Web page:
I could complain about the manifold implausibilites of Rocket Girls, but it would be pointless. How can you expect logic in a universe where a space agency drafts random high school girls to be astronauts merely because they’re lightweight? Instead, it’s better to focus on the incidental pleasures, such as classic calculators
or cigarette lighters
or girls wearing skin-tight space suits. (Never mind that the suits are basically three millimeters of silicone rubber, and the story is set in the tropics. Heatstroke doesn’t happen in anime.)
The story zips right along, and there’s no time for teen angst. Yukari, spending her vacation in the Solomon Islands looking for her father who disappeared seventeen years ago, is variously bewildered, shocked, appalled, outraged, exasperated, disgusted and just plain angry as she learns just what her “part-time job” entails and discovers a few things about her family. If Yukari really had sense, she would run away from all these crazy people as fast as she could, but then there would be no anime. She’s soon joined by Matsuri, a native islander, and one of Yukari’s classmates from Japan should arrive on the island shortly.
Despite all the nonsense and the bad computer animation, Rocket Girls is enjoyable. It’s partly because it doesn’t take itself terribly seriously, and partly because, although the show gets the details wrong, it gets the story right. The people who made Rocket Girls, I think, really do want to go into space.
The red balloon.
Pleasant spring weather.
(Update: I think it is better cropped a bit.)
I’m experimenting with different themes. The appearance of The Kawaii Menace may change without warning during the next few days.
I need to watch it again to make sure that there aren’t any paradoxes left dangling and that the writers didn’t cheat at the end, but one thing is clear: it is every bit as good as it is said to be. I doubt that I’ll see a better movie this year. The story is interesting and the central characters are three-dimensional. The production may not be as glossy as a Studio Ghibli epic, but it’s more than adequate, and the script and the acting are first-rate. I will be astonished (and appalled) if TokiKake isn’t quickly licensed, and I hope that whoever does bring it over makes an effort to market it to all audiences, not just anime fans.
Wabi Sabi comments on some of the motifs here (spoilers).
Here’s a curiosity I noticed. I wonder if it was intentional.
Now would someone please translate the book.
It turns out that TokiKake is not an adaptation of the novel by Yasutaka Tsutsui but is a “continuation” of it, set twenty years later. The protagonist of the novel appears in the movie as “Aunt Witch.”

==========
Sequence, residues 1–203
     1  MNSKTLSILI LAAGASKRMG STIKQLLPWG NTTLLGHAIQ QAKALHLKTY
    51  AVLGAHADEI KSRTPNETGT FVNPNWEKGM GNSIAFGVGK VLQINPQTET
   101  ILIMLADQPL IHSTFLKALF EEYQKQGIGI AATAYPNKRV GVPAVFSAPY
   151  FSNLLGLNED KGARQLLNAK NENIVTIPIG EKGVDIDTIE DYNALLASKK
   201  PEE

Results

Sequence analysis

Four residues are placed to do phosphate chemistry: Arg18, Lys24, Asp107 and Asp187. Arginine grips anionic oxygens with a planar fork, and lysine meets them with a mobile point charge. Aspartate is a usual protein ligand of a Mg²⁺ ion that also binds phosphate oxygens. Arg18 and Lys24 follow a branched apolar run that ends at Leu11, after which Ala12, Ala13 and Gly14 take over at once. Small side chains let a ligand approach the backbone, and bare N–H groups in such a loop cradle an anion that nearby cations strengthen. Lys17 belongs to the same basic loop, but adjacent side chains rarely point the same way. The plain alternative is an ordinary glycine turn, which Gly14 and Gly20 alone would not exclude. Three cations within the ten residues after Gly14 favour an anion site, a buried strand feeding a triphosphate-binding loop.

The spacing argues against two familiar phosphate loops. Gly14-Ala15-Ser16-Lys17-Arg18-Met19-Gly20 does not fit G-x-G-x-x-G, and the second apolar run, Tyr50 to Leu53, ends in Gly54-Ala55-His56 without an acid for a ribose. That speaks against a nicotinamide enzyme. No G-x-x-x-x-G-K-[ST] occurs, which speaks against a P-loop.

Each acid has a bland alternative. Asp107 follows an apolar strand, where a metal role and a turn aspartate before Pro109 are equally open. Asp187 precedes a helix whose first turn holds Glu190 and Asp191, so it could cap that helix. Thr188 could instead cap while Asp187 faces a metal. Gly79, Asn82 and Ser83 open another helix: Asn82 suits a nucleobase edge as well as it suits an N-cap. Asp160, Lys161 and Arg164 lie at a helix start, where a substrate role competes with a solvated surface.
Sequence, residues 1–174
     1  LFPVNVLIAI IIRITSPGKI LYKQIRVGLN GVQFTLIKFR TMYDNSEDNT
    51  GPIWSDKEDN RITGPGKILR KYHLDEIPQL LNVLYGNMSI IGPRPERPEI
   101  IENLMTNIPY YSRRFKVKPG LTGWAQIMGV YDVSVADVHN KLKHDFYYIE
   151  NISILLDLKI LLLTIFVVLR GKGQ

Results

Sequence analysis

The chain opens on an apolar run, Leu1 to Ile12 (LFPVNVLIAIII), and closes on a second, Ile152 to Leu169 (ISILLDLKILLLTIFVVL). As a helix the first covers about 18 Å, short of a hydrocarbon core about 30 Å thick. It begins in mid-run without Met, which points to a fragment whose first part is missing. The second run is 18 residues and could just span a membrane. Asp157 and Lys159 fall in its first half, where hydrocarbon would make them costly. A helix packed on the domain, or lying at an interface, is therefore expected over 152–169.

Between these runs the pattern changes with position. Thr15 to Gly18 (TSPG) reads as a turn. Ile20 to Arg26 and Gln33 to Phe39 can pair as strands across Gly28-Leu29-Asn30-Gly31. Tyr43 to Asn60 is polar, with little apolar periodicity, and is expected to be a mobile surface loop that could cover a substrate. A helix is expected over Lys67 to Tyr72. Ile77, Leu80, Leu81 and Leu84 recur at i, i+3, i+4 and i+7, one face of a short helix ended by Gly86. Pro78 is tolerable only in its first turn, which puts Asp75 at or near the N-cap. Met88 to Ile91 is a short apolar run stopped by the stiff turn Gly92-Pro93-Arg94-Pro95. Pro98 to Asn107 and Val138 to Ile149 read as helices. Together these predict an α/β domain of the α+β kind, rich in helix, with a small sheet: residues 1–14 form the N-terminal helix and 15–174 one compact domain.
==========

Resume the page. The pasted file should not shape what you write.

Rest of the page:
Cinco de Mayo at the grocery store.
Glopping the worst of the algae out of the pond at the botanical garden.
Market and 14th.
I discovered last fall that the U.S. Postal Service can send a package into the future. Apparently, they can send objects into the past as well. Here’s the status report on my most recent amazon.com order. Just what exactly did happen on the afternoon of December 31, 1969?
(Click on the question mark if the graphic isn’t visible.)
Echinocereus triglochidiatus, started from seed over ten years ago.
Found on the way home from work.
Joseph Bottum today reprinted a July, 2000 article in which he called for a revival of Melville Davisson Post’s Uncle Abner stories:
In the deliberate tone of the stories and the matching of the writingâ€™s pitch to its subject, in the uniting of the religious element with the detectiveâ€™s action and the sense of goodâ€™s battle against evil in the solution of a crime, only G.K. Chestertonâ€™s Father Brown belongs beside Melville Davisson Postâ€™s Uncle Abner.
I’ve never read Post; perhaps I will.
Bottum’s article is outdated in one respect: it’s not hard to find Uncle Abner in 2007. Bottum himself includes a link to amazon.com, where Uncle Abner, Master of Mysteries is listed as “in stock.” If you’re broke or impatient, you can read the collection online, courtesy of Project Gutenberg.
Bishoujo Celeb Panchanne is a live-action mahou shoujo spoof in which a former magical girl, now a happily married mother, is persuaded by a rather seedy kami-sama to wear the short skirt again. I’ve only seen the raw for the first episode, so I don’t know what the silly/stupid ratio is, but it looks quite cheesy, as Pixy observed. It’s also very low budget: the alien space ship looks curiously like the device I use to steam peas and corn. It does feature one element of realism missing from every other mahou shoujo show I’ve seen: we get to see Panchanne’s costume designed and constructed. ((Cardcaptor Sakura is a special case, and I don’t think we ever actually see Tomoyo sewing.)) (She still undergoes the usual magical transformation when it’s time to face the monster of the week.)